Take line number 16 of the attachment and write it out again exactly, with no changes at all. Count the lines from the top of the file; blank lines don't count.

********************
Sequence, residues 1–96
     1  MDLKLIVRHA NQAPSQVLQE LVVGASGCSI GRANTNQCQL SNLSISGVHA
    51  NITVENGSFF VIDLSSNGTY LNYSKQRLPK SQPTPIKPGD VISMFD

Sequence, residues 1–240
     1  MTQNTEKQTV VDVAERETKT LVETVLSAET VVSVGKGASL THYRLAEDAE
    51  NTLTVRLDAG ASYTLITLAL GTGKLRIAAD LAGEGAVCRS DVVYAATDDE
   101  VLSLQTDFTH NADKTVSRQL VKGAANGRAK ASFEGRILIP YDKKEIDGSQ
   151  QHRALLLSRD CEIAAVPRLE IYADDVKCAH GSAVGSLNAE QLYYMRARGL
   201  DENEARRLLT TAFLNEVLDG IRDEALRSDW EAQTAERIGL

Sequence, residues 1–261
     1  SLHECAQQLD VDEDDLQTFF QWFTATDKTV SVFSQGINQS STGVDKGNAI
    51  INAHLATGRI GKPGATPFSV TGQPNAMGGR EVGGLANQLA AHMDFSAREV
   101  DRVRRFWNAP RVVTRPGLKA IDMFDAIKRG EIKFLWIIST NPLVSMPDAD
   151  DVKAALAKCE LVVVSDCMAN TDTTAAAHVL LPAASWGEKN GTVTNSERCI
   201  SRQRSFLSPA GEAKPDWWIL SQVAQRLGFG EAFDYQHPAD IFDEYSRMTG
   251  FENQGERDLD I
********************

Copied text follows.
   251  FENQGERDLD I